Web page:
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General audience: mercy, path of perfection, 21.09.2016

The theme of this Extraordinary Holy Year is  “Merciful like the Father”, taken from the Gospel of St. Luke: “Be merciful, just as your Father is merciful”, read today before the catechesis in St. Peter’s Square. This phrase, completed with that from the Gospel of St. Matthew, in which Jesus says, “Be perfect, therefore, as your heavenly Father is perfect”, provided the basis for Pope Francis’ Wednesday general audience.

In the Sermon on the Mount, which begins with the Beatitudes, the Lord teaches that perfection consists in love, the fulfilment of all the precepts of the Law. From this perspective, St. Luke shows that perfection is merciful love: being perfect means being merciful. “Effectively God is perfect”, said Francis, “but if we consider Him in this way, it becomes impossible for man to tend towards that absolute perfection. Instead, keeping Him before our eyes as merciful allows us to understand better what his perfection consists in, and drives us to be like Him, full of love, compassion and mercy”.

“But, are Jesus’ words realistic? … If we look at the history of salvation, we see that all God’s revelation is an incessant and tireless love for humanity: God is like a father and like a mother Who loves with boundless love and Who bestows it in abundance on every creature. ….It is clear that, linked to his love that has no limit, our love will always be wanting. But when Jesus asks us to be merciful like the Father, He does not think of the quantity! He asks His disciples to be a sign, a channel, a witness of His mercy”.

“The Church cannot be other than the sacrament of God’s mercy in the world, in every time and towards all humanity. Think of how many saints there have been throughout the centuries who have illuminated the history of the Church! They all became merciful because they let their hearts be filled with divine mercy. They gave flesh to the love of the Love, pouring it into the many needs of suffering humanity, thus reflecting the merciful face of Christ. And Christ explains this to his disciples with two verbs: forgive and give”.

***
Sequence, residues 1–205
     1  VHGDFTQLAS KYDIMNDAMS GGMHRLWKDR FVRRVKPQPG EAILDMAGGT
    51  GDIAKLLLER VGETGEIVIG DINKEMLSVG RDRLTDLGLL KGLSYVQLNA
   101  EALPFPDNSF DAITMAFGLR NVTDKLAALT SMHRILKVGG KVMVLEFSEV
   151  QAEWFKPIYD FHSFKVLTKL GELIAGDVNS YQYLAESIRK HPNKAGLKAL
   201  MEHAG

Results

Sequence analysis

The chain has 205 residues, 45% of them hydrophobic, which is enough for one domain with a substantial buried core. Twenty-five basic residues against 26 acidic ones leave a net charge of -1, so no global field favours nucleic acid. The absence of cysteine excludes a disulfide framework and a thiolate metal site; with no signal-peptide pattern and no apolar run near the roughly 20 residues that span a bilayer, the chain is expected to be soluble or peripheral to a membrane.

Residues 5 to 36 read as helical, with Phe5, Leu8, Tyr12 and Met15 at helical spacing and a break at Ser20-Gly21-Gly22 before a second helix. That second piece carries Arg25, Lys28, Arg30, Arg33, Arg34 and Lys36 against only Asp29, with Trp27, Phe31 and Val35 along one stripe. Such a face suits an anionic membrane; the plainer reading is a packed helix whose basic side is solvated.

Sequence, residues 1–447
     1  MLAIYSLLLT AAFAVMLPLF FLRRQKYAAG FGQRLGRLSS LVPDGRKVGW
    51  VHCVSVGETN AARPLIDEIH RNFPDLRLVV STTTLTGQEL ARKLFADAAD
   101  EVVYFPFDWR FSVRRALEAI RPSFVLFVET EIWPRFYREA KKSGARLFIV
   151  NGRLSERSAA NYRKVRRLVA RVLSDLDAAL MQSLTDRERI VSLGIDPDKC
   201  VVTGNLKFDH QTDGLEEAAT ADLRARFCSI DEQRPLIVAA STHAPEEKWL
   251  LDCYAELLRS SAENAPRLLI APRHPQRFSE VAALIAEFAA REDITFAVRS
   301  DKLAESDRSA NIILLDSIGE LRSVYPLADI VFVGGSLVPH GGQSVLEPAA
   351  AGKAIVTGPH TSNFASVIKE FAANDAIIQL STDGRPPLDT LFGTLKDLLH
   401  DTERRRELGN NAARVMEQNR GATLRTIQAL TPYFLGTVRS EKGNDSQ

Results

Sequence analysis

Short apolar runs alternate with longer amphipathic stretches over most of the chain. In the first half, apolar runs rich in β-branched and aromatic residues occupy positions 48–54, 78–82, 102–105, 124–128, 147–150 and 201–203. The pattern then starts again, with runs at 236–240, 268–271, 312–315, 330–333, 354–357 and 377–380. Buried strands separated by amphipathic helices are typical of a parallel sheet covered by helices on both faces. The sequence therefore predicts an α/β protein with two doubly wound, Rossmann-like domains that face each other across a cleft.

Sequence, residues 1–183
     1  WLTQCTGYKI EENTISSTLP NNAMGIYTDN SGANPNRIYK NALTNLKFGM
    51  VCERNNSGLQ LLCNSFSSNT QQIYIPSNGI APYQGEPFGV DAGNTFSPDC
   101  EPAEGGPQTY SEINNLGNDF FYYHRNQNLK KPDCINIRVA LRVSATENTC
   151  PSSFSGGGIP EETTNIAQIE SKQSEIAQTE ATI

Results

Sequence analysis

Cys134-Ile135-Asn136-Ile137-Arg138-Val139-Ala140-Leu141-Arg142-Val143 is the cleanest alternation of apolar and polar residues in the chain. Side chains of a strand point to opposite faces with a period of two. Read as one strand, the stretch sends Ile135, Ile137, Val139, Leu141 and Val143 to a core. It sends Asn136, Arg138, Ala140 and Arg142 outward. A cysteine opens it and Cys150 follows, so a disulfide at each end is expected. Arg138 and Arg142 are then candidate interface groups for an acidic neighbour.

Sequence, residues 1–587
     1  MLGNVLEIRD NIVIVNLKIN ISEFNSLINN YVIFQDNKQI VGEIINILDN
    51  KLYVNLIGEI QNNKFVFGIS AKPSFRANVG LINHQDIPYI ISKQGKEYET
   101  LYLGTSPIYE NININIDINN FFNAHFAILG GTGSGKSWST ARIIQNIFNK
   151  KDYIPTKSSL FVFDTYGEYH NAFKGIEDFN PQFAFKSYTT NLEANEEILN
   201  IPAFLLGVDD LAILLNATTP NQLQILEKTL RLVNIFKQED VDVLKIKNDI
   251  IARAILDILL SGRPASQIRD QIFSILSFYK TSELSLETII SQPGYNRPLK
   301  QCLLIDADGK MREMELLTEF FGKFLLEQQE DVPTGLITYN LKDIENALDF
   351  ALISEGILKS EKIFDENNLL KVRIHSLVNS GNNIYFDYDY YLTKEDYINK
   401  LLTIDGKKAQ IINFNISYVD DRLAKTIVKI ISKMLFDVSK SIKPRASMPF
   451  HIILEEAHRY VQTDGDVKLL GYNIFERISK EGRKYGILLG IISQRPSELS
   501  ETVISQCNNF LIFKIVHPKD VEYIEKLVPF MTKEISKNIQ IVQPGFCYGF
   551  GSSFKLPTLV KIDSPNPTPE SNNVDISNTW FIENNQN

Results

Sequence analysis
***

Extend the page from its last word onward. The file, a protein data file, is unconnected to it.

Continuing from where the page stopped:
“Mercy is expressed, first of all, in forgiveness. ‘Do not judge, and you will not be judged; do not condemn, and you will not be condemned; forgive, and you will be forgiven’. Jesus does not intend to subvert the course of human justice, but reminds the disciples that to have fraternal relationships it is necessary to suspect judgement and condemnation. Forgiveness is indeed the pillar that supports the life of the Christian community, as in it we see the gratuity of the love with which God has loved us first. … The Christian must forgive because he or she has been forgiven. None of us is not need God’s forgiveness. We say every day in the Lord’s Prayer, ‘Forgive us our trespasses, as we forgive those who trespass against us’. … If God has forgiven me, why can I not forgive others? Am I greater than God? … Condemning the sinner breaks the bond of fraternity with Him and diminishes the mercy of God, Who instead does not give up on any of His sons or daughters”.

The second pillar is giving. “Give and it will be given to you. … For the measure you use will be the measure you receive”. “God gives far more than we deserve, but He will be all the more generous with those who have been generous on earth. … With the measure of love that we give, we ourselves decide how we will be judged. If we look well, there is a coherent logic: in the measure from which we receive from God, we give to our brother, and in the measure in which we give to our brother, we receive from God”.

“Merciful love is the only path to follow. How much we all need to be a little more merciful!” Pope Francis exclaimed at the end of his catechesis. “Do not gossip, do not judge, do not pick at others with envy and jealousy. … We must forgive, be merciful, life our life in love. This love ensures that Jesus’ disciples do not lose the identity that they have received from Him, and that they acknowledge themselves as sons and daughters of the same Father. In the love they practice in their life, may there reverberate that Mercy that will never end. But do not forget that mercy is this: forgiveness and giving. This is how we enlarge the heart: with love. Selfishness and anger diminish the heart and make it hard as stone. … If you prefer a heart full of love, be merciful”.